Why did I have to keep worrying? Why couldn’t I just let go of the worry and place my focus elsewhere? Why couldn’t I just decide to focus on the positive? (After all, didn’t my younger child deserve to be celebrated? Wasn’t she worth my joy and my pride? Of course she was worthy! She is worthy!)
But it felt wrong. It felt like a betrayal to stop worrying. Yeah, a freaking betrayal. A horrible, backstabbing betrayal.
Stopping worrying feels like I’m walking away into the light and leaving my loved one in the darkness. And that feels horrible. It feels like the opposite of love.
But I know I’m not my feelings.
I know I’m the spiritual being overseeing my feelings… and my thoughts too. I do not have to believe my feelings. And just because I feel something doesn’t make it true. And it certainly doesn’t make it right.
But why do I feel like letting go of worry is a betrayal?
For me at least, I think it comes down to feeling powerless. I want to be able to help. I want to make everything okay. And I want it to be now.
I can’t do that. As much as I hate to write it even now, I can’t make everything better. And I absolutely can’t do it now.
But what can I do?
I can worry.
So the worry, somehow tricks my mind into thinking I have some power.
And it goes even deeper…
Worry is in all of our DNA. It’s an instinct that human’s have carried for thousands of years. And it was necessary for survival.
We as human’s had to worry about being eaten by wild animals. We had to worry about the coming winter and making sure we had enough food. We had to worry about keeping our children safe too. That worry motivated people to stay vigilant and it motivated them to do the work to prepare for what was coming.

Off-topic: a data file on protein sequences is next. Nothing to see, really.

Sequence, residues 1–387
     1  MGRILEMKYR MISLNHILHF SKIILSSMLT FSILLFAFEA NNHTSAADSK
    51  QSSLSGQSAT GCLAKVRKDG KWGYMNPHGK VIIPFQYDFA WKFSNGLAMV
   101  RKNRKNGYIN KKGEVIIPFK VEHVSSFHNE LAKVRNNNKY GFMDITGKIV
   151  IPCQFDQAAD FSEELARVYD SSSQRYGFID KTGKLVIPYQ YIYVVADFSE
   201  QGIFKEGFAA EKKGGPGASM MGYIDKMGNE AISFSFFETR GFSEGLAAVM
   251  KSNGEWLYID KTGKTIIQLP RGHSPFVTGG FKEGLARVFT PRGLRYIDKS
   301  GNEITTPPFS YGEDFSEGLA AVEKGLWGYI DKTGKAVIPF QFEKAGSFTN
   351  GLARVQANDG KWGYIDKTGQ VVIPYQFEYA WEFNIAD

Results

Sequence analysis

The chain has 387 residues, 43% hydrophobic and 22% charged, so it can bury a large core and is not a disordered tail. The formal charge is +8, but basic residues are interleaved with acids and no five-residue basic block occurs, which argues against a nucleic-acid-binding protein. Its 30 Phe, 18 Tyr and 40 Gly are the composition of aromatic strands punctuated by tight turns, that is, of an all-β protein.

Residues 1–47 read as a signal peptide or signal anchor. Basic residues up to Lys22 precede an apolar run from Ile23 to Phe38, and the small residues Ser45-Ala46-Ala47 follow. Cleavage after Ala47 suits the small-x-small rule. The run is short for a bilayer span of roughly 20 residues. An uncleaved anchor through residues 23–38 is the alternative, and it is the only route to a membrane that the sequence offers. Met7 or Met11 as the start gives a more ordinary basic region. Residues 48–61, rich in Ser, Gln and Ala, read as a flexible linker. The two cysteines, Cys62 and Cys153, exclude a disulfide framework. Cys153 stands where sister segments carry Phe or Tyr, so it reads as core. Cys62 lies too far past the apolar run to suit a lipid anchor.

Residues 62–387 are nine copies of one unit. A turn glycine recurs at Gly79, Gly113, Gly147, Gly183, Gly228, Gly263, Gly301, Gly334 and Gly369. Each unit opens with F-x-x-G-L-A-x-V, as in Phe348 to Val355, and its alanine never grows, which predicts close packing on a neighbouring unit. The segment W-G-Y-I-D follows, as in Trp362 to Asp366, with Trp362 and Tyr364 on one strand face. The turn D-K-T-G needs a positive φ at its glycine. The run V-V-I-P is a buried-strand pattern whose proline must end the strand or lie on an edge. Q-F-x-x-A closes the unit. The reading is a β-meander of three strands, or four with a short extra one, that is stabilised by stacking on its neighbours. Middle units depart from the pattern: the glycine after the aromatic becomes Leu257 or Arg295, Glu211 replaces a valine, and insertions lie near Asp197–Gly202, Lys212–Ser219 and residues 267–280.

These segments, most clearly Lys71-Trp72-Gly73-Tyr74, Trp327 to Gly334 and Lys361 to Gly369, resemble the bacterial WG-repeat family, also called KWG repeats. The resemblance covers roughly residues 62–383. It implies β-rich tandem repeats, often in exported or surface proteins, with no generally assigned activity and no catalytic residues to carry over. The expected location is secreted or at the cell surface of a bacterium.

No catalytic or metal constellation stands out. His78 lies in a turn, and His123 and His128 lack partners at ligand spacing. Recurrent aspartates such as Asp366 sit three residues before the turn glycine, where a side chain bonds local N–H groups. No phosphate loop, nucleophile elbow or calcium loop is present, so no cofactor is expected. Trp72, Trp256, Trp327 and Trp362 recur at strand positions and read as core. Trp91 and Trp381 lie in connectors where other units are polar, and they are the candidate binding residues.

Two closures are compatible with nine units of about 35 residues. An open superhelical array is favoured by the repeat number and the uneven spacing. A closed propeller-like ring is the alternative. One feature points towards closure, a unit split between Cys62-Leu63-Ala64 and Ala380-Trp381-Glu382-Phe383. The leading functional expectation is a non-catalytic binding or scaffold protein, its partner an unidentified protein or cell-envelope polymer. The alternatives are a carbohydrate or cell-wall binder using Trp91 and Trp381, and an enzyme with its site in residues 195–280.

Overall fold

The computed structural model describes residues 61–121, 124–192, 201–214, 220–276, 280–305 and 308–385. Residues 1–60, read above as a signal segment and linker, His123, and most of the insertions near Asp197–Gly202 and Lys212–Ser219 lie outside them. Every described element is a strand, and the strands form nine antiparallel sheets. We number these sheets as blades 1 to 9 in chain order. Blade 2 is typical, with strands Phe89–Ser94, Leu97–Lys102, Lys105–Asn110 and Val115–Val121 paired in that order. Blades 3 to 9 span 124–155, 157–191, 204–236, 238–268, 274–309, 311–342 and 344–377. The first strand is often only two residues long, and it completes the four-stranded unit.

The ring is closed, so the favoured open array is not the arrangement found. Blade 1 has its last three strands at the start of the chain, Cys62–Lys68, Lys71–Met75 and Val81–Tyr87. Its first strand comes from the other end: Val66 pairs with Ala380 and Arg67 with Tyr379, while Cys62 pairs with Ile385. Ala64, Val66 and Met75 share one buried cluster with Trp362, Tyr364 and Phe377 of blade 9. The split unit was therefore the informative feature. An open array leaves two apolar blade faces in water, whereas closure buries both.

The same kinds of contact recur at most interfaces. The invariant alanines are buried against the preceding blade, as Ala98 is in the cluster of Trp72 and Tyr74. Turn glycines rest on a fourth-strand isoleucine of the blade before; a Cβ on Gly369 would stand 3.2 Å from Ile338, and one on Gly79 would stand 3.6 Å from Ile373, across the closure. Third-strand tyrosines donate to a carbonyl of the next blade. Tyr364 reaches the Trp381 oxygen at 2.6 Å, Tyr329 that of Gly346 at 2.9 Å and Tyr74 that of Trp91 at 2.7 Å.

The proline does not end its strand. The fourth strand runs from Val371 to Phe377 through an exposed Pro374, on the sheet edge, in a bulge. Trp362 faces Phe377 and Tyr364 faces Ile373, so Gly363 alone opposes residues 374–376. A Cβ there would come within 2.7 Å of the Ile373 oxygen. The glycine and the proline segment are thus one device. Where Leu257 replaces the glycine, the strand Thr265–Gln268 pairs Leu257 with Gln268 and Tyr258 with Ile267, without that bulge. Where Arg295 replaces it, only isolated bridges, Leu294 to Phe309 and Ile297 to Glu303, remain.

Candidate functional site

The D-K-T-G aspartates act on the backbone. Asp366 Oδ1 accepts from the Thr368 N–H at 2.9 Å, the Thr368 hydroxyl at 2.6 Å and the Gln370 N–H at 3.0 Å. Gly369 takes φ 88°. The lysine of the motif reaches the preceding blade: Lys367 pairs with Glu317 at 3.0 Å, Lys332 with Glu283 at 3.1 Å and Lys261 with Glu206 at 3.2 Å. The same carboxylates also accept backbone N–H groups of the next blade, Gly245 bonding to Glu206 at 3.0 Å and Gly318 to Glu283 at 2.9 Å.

So worry was necessary. And it was good.
And I think that’s why it feels right to me.
But it no longer serves that purpose. And it’s no longer good. In fact, it actually makes things worse. And it’s bad.
No matter how much I worry, it’s not going to help bring a solution. I can worry for the next 10 years and none of it will make any positive difference. But it will make things worse. It will drag me down. It will cause me to partially ignore the good. It will cause me to miss out on all the goodness that comes into my life. It will make me worse.
And not worrying doesn’t mean I don’t care. It’s not a betrayal. Though it still feels like it, it’s not.
Because I am not leaving my loved one in the darkness. I am just choosing to move into the light and reach a hand back into the darkness, extended to my loved one.
Of course I still care. I’ll never stop caring. And I’ll never stop trying to help. I’ll never stop advocating and asking for help and providing any help I possibly can.
And it’s not the opposite of love. It’s not indifference. Of course I still care. I’m just also choosing to care for myself and to love myself. And that will make me the best person, and the best parent, that I can possibly be. It makes me a better parent for both of my kids.
Letting go of worry will allow me to be happy and from that place I’ll be in a much better place to be a good person and, most importantly, the best parent I can be.
So I choose to focus from the bad to the good. I choose happiness over sadness. And I choose excitement over worry.
Because it is a choice.
Worry is a choice.
And it’s okay to choose to stop worrying. In fact, it’s more than okay. It’s the right thing to do.